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William Scranton on: Evacuation Plans
William Scranton Q: Tell me about evacuation plans.

WS: Well, we learned what they were pretty quickly, I must say. We got to take a primer very rapidly and part of that morning, Wednesday morning, was to discover exactly what were the evacuation plans. There were evacuation plans for floods and there were evacuation plans for tornadoes, and there were evacuation plans for earthquakes, and there were evacuation plans for hurricanes, but there was no worked out evacuation plan specifically for a nuclear power disaster. There were lots of things you could fall back on. There were escape routes if you had to evacuate a whole center of population. There were schools and hospitals who were ready to take people with undescribed injuries, but not necessarily ready to take people with severe radiation poisoning. There were centers where evacuated families could go in high schools in the Harrisburg area and even further north. There had never been anything like this. It's not like you saw a hurricane coming, you know, two days ahead of time. This was something right there and, furthermore, it wasn't something you could see or feel or taste or touch. We were talking about radiation, which generates an enormous amount of fear. This was unknown and so there were no plans for that.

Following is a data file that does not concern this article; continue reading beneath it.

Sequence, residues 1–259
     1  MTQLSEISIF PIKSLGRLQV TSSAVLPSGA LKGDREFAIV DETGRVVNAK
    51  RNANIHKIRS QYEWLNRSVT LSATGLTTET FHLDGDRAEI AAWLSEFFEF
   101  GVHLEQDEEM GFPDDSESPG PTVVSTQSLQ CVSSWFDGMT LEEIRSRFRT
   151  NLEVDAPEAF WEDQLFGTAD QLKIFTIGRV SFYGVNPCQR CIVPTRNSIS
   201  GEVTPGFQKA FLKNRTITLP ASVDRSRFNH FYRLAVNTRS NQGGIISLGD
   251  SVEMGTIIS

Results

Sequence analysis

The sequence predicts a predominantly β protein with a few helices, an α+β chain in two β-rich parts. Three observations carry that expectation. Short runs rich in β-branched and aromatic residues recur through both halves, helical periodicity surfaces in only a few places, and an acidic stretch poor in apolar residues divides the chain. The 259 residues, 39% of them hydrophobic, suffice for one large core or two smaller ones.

Q: Were the existing plans coherent?

WS: Oh, yeah. They were coherent plans and the Emergency Management Agency was an agency of professionals. During the Nixon Administration, the country had begun to work hard at professionalizing -- the old civil defense had become emergency management and people were taking this quite seriously. And we had a good team of professionals. There's no question about it. But, having plans in a drawer and actually going through it, for real, are two entirely different things. Harrisburg had never had to be evacuated before, with the exception, I think, of the Agnes Flood in 1972, but then you saw the river rising and you knew what it was. Nobody could tell us or really had a very good idea, if there were a massive release of radiation, what kind of medical treatment people were going to need and this or that, or, indeed, whether there would be medical personnel around. If there's a flood, the hospitals may be out of the flood zones and the doctors will work, but if there's radiation poisoning everywhere, who's gonna work? I mean all those things become an issue.

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